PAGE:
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An evaluation of videotaped vignettes for smoking cessation and relapse prevention during pregnancy: the Very Important Pregnant Smokers (VIPS) program
  1. Paul M Cinciripini,
  2. Jennifer B McClure,
  3. David W Wetter,
  4. Jennifer Perry,
  5. Janice A Blalock,
  6. Lynn G Cinciripini,
  7. Karen E Friedman,
  8. Karyn Skaar
  1. University of Texas MD Anderson Cancer Center, Houston, Texas USA
  1. PM Cinciripini, PhD, Department of Behavioral Science, Box 243, University of Texas MD Anderson Cancer Center, 1515 Holcombe Blvd, Houston, Texas 77030, USA;pcinciri{at}

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As a treatment medium, videos have been largely untested. However, the potential of the video medium to broaden the extensiveness and effectiveness of minimal or self help interventions has been discussed in the Agency for Health Care Policy and Research guideline for smoking cessation.1 This may be a particularly important time to focus on innovations in self help technology for pregnant smokers. Printed materials are the major media by which current self help interventions are delivered, and in the general population their overall effectiveness has been shown to be similar to no treatment control conditions.1 Moreover, currently available treatments for pregnant smokers have often emphasised provider delivered counselling but have typically failed to incorporate treatment components that address some of the major contributors to relapse in the general population, such as negative affect, depression, smoking cues, positive mood/celebration, etc.2 Videos may provide an important opportunity to demonstrate clinically relevant problem solving behaviour in these circumstances, without the costs involved with face to face counselling. Video cassette recorder (VCR) ownership is reported by nearly 88% of all Americans, including 75% of those classified at the poverty level.3 4 Hence a successfully implemented intervention could be easily disseminated to a large number of smokers. The objective of this study was to compare the pre- and postpartum cessation rates associated with a limited self help (usual care) treatment intervention to a usual care plus video intervention.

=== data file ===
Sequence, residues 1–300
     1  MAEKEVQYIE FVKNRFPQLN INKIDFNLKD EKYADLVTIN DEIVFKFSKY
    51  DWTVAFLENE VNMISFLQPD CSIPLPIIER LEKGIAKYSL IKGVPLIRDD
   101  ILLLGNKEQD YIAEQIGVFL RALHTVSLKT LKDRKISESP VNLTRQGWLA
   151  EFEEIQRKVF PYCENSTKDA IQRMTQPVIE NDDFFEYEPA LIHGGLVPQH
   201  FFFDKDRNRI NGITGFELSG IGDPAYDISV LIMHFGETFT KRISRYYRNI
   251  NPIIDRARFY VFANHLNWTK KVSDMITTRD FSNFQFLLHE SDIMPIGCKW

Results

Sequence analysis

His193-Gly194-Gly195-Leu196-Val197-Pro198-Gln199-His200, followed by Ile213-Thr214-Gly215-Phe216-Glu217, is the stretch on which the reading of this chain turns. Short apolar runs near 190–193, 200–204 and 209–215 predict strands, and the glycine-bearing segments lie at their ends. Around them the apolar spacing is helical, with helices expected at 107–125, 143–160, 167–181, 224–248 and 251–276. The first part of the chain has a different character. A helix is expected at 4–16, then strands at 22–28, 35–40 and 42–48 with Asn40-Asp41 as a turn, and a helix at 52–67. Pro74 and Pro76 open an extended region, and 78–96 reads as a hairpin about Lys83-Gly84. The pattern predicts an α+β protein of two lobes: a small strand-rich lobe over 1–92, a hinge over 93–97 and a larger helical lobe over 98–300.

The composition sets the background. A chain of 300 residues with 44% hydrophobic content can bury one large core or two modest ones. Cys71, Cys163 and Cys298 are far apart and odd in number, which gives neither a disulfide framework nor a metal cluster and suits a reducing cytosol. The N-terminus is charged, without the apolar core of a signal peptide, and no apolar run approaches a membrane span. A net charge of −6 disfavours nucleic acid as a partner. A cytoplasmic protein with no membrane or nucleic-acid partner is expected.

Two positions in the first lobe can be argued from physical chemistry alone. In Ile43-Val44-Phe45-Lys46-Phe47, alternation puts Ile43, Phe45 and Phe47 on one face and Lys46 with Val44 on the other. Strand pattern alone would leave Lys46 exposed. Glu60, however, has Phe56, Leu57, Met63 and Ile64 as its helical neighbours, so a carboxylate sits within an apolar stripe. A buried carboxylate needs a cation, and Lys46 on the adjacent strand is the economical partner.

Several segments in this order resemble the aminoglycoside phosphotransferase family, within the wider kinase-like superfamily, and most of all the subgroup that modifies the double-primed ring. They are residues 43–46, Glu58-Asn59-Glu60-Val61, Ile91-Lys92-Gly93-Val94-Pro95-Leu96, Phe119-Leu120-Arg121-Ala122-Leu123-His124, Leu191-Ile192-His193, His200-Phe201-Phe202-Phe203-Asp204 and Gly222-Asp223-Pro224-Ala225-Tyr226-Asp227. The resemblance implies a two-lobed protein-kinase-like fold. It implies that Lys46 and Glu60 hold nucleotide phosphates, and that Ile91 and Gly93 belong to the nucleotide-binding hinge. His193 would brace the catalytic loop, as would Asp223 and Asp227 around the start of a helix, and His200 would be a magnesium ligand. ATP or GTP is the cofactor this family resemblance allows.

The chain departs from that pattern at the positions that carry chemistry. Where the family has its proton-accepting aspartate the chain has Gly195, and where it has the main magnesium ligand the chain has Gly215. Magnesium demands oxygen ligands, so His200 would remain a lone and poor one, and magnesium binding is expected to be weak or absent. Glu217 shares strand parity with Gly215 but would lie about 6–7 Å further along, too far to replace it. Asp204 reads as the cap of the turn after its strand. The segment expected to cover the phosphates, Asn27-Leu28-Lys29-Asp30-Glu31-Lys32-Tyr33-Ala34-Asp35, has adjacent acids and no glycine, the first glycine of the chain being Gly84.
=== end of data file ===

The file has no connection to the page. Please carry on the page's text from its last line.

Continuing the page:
This was a community based randomised controlled trial of a minimal smoking cessation intervention conducted in a university setting.

Participants in the Very Important Pregnant Smokers (VIPS) study were volunteers, recruited from Houston and the surrounding metropolitan area. Women were recruited using newspaper, radio, and television public service announcements, subscriber newsletters for members of local health maintenance organisations, flyers in community businesses providing services primarily to women, and waiting room posters sent to community primary care physicians.

A total of 146 women were screened for the study. Sixty four women failed to meet the inclusion criteria for the trial (> 18 years of age, smoke > 3 cigarettes per day, less than 30 weeks pregnant, have a working VCR, be willing to set a quit date within two weeks of screening, and not involved in any other formal smoking cessation program). Women who were taking psychotropic medication or who met the criteria of the Diagnostic and Statistical Manual, fourth edition (DSM-IV) for current major depressive disorder were also excluded from this study. Depression was assessed using the Prime-MD5 during a telephone screening interview.

The remaining 82 women were randomly assigned to either usual care (UC) (n = 40) or UC plus video (UCV) (n = 42) groups. All participants continued to receive the usual prenatal care provided by their primary physician, plus study materials as described below.